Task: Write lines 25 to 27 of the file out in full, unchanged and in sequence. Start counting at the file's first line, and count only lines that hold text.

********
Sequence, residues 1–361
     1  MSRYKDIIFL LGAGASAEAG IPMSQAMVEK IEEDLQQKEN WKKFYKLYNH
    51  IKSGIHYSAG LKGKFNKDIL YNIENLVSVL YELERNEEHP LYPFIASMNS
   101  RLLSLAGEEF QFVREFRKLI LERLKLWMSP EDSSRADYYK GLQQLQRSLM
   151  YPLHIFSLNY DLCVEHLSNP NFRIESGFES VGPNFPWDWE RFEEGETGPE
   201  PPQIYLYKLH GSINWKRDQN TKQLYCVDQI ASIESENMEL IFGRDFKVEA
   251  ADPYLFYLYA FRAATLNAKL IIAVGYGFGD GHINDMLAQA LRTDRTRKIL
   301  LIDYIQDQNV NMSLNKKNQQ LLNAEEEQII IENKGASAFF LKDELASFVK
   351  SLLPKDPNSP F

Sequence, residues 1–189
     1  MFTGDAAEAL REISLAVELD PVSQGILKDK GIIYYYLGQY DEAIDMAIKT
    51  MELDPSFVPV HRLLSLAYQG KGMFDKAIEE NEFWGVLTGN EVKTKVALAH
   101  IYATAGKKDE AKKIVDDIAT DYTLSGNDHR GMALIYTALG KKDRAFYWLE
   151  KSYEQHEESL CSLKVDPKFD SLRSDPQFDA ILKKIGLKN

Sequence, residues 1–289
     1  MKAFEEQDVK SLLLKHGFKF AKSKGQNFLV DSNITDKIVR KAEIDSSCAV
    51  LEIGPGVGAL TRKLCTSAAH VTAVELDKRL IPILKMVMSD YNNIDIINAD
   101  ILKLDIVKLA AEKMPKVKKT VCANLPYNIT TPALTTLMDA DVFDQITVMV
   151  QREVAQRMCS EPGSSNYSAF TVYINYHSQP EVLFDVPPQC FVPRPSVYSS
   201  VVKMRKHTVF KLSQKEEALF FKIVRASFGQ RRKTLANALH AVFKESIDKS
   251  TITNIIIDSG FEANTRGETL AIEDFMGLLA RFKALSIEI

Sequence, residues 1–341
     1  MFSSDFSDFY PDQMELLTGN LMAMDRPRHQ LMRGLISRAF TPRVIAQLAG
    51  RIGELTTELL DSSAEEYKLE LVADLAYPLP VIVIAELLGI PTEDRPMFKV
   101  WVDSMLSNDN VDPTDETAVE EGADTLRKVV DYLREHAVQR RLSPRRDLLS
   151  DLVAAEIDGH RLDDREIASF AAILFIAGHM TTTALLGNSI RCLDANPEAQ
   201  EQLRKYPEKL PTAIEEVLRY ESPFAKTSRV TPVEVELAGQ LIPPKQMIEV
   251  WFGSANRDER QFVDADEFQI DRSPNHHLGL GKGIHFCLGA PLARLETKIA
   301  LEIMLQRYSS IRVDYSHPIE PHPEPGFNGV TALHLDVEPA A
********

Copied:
   101  WVDSMLSNDN VDPTDETAVE EGADTLRKVV DYLREHAVQR RLSPRRDLLS
   151  DLVAAEIDGH RLDDREIASF AAILFIAGHM TTTALLGNSI RCLDANPEAQ
   201  EQLRKYPEKL PTAIEEVLRY ESPFAKTSRV TPVEVELAGQ LIPPKQMIEV